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Study eyes grocery shopping habits of Hill District residents

| Thursday, Nov. 29, 2012, 7:33 a.m.

Hill District residents don't always choose the closest option for grocery shopping, according to a Rand Corp. study released on Wednesday that is examining shopping habits in the Hill before and after a store is built there.

“That surprised me,” said Beatrice Carter of the Hill, a survey participant. “I take the bus two or three times a month to go grocery shopping. I go to the closest store.”

For her, that's a Giant Eagle in the South Side.

“Of the people who said they go to a full-service grocery store, 62 percent of the residents said they weren't going to the closest grocery store,” said Tamara Dubowitz, a senior policy researcher at Rand.

About 18 percent said they take public transit to shop; 26 percent take a jitney; 17 percent get a ride; and the rest drive themselves.

Carter plans to shop at the Shop n' Save slated to be built at the corner of Centre Avenue and Heldman Street by summer. She hopes her neighbors will go there as well rather than traveling to wholesale and specialty stores farther away, so the store succeeds.

Construction is scheduled to begin next week after a funding shortfall stalled the $11.5 million project.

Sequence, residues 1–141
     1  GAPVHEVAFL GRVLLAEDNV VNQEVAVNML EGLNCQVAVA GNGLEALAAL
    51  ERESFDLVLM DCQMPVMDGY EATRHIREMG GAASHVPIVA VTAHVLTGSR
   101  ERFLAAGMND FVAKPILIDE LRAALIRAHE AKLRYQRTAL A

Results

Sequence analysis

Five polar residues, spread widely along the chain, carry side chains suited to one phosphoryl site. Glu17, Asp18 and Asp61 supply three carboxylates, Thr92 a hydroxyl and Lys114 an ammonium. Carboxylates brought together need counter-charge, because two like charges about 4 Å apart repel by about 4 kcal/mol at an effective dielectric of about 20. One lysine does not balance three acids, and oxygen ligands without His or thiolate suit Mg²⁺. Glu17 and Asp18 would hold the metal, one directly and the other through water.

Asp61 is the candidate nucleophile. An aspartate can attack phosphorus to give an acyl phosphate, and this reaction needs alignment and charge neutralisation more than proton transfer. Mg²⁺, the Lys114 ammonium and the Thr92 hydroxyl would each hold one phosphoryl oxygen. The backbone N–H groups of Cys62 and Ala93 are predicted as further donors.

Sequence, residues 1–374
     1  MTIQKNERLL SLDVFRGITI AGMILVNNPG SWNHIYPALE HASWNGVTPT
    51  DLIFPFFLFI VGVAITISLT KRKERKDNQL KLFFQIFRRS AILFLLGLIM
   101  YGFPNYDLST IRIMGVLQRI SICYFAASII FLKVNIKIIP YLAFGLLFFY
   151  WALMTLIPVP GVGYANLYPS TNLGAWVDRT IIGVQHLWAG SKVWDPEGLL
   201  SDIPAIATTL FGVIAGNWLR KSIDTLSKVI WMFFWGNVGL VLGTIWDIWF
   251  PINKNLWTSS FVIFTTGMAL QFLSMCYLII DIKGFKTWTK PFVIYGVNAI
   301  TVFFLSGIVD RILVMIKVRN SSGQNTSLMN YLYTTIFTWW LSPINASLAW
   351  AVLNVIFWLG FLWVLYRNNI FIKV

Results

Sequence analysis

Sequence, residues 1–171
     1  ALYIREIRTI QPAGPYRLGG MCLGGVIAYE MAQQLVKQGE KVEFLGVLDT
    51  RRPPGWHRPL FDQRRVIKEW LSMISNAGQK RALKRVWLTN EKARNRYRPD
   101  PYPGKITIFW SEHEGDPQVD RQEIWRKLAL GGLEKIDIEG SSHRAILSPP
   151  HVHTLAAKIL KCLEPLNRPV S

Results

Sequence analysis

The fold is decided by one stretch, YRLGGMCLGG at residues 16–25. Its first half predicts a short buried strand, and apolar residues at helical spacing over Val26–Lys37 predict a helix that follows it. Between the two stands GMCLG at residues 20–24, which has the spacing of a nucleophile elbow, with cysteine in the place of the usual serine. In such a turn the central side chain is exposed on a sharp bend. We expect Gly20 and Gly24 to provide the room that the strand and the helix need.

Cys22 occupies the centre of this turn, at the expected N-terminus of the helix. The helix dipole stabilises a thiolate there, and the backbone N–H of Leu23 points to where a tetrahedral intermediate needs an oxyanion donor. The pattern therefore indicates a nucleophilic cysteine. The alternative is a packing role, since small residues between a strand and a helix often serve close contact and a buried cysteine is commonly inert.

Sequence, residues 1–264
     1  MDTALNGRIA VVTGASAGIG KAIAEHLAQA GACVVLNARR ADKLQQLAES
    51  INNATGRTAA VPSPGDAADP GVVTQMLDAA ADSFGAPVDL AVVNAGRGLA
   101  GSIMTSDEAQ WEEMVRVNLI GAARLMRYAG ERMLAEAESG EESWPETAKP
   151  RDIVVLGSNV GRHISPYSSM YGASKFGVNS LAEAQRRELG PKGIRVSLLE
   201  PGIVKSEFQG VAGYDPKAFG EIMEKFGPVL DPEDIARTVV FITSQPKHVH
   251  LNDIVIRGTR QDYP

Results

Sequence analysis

Rand researchers are studying where shoppers in the Hill District buy food, how they travel there, what they buy and other factors that could change once the Hill's first major grocery store in two decades opens. They're also examining the before-and-after prevalence of ailments such as high cholesterol and blood pressure and frequency of exercise.

It's part of a five-year, $2.7 million study funded by the National Institutes of Health of grocery shopping, eating habits and health in the Hill District and Homewood. Neither has a full-service grocery store.

Rand researchers presented key findings of the first phase of their study at a meeting held at the nonprofit Hill House Association on Centre Avenue.

Forty-two percent of those surveyed said they have experienced a problem known as “food insecurity,” meaning they ran out of food before they had enough money to buy more. That compares with 13 percent of households statewide.

“Our goal is to make sure that this information can be used for health programs and polices related to health,” said Dubowitz.

Data collectors surveyed the primary shopper in 896 households from a randomly selected sample of 1,809 addresses in the Hill. Researchers will discuss the results of a similar survey at a public meeting in Homewood at 5:30 p.m. Dec. 6 at the Homewood-Brushton YMCA, 7140 Bennett St.

Jeremy Boren is a staff writerfor Trib Total Media. He can be reached at 412-320-7935 or jboren@tribweb.com.

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